Family Trees
ALH (view) (launch FTE)
people: 292
Horsfall snippet (view) (launch FTE)
people: 83
Jones Family (view) (launch FTE)
people: 3902
Knott Family (view) (launch FTE)
people: 1438
Mayer Family (view) (launch FTE)
people: 616
Scott Family (view) (launch FTE)
people: 3939
Users Researching
User pages
GayelKnott/Data Input
GayelKnott/Harrison County Dunns
GayelKnott/Harrison County Dunns - Raven Creek
GayelKnott/User:GayelKnott/Harrison County Dunns - Curries Run, Other



Retired. Like to do photography. Like to do research. Like to travel. Getting slower. Getting older and more cranky. But still going and genealogy is part of the reason. It lets me research, it gives me excuses to travel. And it’s an incredible way to learn history. Most of my ancestors were ordinary people, the ones who don't show up in the pages of history books. Learning to look at their world from their perspective just so I can try to find them means I've gained a very different understanding of the past.

Why WeRelate?

First, it’s free, and I believe that the results of our research should be available to others without their having to subscribe to some company owned website.

Second, WeRelate is different and it took me awhile to understand how it works. The pages don’t “belong” to the person who creates them, they “belong” to the person or persons they are about. That means it’s easier to share, although most of us already share, through email lists, message boards, private email, World Connect, and so on. But here, the sharing can actually help build a better genealogy.

But what if we disagree? As I get older, I do get more cranky, and if I’ve found information about an ancestor I don’t always like being told I’m wrong (even when I am). This, for me, is the real beauty of WeRelate, the potential emphasis on documentation. Because no one person “owns” a particular page, disagreements must ultimately come down to sources and the analysis of sources. In other words, unlike some commercial genealogy sites, WeRelate actually encourages doing Good Genealogy.

Sources, Documentation, and Good Genealogy

Sources are nothing more or less than where you got your information. Family stories, Grandma, someone else’s gedcom, these are all sources. We all use them, they can be useful as clues, but they aren’t very good as sources. For one thing, they are not generally available to other researchers, so there is no way to check their accuracy. And as almost anyone who has tried to track down a family story knows, sometimes they aren’t even very good clues.

Better sources are documents. Documents are basically records that are available to more or less everyone. Fundamental to any kind of research, whether genealogy or history or even physics, is replication. Can you get the same results I got if you follow the same procedures? Because documents are records, you should be able to find the documents I used and see the same thing I saw. Then you don’t have to take my word on trust or “believe in me”.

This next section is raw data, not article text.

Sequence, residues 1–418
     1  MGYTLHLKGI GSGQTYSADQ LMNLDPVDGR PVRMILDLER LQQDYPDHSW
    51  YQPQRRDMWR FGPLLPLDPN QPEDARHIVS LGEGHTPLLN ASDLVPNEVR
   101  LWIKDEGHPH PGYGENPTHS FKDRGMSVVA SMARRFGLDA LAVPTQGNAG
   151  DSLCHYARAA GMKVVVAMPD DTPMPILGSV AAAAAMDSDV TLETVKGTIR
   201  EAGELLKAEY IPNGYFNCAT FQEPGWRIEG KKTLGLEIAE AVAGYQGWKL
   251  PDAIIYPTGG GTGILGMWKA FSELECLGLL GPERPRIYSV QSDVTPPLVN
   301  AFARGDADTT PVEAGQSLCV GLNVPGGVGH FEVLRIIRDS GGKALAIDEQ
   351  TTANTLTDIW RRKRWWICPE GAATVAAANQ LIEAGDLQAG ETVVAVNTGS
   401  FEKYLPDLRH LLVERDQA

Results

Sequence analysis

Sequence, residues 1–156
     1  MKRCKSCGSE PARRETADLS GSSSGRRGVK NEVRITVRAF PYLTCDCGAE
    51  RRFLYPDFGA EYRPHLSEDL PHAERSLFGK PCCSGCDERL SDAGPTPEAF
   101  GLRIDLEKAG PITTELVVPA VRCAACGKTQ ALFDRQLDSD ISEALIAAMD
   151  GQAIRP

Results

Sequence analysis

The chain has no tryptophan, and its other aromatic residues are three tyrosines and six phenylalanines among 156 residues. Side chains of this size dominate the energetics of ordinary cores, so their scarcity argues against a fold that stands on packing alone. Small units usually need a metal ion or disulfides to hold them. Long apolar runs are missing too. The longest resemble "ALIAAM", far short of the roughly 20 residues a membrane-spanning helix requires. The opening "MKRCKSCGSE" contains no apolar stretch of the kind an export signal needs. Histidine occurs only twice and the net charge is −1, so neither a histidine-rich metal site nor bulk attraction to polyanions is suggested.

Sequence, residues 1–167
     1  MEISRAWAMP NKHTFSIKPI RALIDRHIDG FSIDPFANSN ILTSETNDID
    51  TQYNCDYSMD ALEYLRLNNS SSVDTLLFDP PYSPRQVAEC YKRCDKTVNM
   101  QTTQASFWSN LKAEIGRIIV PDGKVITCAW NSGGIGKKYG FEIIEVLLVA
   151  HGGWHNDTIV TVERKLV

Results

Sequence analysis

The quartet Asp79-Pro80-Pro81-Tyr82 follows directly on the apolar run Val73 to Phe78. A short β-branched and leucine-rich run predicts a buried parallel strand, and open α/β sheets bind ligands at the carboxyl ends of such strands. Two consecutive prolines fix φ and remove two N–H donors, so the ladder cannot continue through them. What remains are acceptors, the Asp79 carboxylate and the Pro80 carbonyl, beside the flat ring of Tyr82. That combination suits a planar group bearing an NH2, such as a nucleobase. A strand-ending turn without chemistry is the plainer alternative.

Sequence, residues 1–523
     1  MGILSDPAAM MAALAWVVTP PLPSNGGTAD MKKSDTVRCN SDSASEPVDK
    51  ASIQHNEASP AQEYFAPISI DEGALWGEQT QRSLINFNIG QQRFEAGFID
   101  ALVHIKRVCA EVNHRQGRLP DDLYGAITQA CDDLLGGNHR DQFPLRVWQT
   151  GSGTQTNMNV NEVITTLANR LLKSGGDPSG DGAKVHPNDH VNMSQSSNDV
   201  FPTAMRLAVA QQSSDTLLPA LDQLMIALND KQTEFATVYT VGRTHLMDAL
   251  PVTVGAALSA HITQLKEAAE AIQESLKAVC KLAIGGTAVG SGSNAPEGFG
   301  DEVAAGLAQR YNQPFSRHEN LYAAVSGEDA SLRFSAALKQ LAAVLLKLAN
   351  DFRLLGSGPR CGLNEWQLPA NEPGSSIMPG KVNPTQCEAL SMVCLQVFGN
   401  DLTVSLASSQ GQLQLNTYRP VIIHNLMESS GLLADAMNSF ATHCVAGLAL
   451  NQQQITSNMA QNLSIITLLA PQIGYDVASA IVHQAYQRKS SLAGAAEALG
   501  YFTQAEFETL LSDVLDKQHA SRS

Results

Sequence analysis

Documents usually are considered to be original, records that are created at the time that something happened; or secondary or derivative, records that were created after the fact by copying or interpreting earlier records or sources. Original documents are often considered better sources than secondary documents, but it all depends. Just think about the records being created today. Last time you filled out some ridiculous bureaucratic form, how old did you say you were? How much did you say you weighed? Is the National Enquirer really the same as the New York Times? So analyzing documents or records is important, trying to determine how accurate or believable they are.

Analysis can take many forms, but it is usually easier if you have more than one or two documents. When you have as many documents as you can reasonably find, it is easier to compare what is said in one document with what is said in other documents, who is saying it, and why. Besides, I find that the more records I have for an ancestor, the more interesting that person becomes.

The problem is that the more documents you have, the more contradictions you are likely to have. Our ancestors, after all, were human, and they sometimes “forgot” how old they were, how much they weighed, and preferred gossip to “facts”. So part of the analysis of sources and documents includes saying why you consider one source or document better than another. And that’s called – presenting your evidence.

If we disagree, your evidence will probably make me less cranky, and may even change my mind. Either way, it makes for better genealogy for everyone. And it all starts with citing –- sharing -- your sources.

Data Entry

Okay, it takes time and effort to enter all those sources into WeRelate, and to learn how to maneuver your way around the site. But I’ve tried other sites and find WeRelate easier and better in terms of quality. The Review process at WeRelate when uploading a gedcom is one good way to catch obvious mistakes, which we all make. So is entering sources by hand, although it does take a lot of time. Hopefully I’ll get mine all entered before I get too senile.

Current Research

Have had to set the Meadows family research in Kentucky aside (and just as I was ready to move to North Carolina!), as there has been a great flurry of interest around William Hazelton Scott, especially from others with DNA matches. The collaboration is opening up new avenues of research, and for the first time in a long time there are faint glimmerings of hope.

Featured Pages

James Snow, Week of 7 Jun 2010; also Genealogy Well Done
John Reese, Week of 10 Jan 2011; also Genealogy Well Done
Gilbert Scott, Week of 23 Aug 2011
Hendrik Knot, Week of 1 May 2013
George Jones Documents, Week of 24 Jun 2013
John Dunn, Week of 6 Jan 2014

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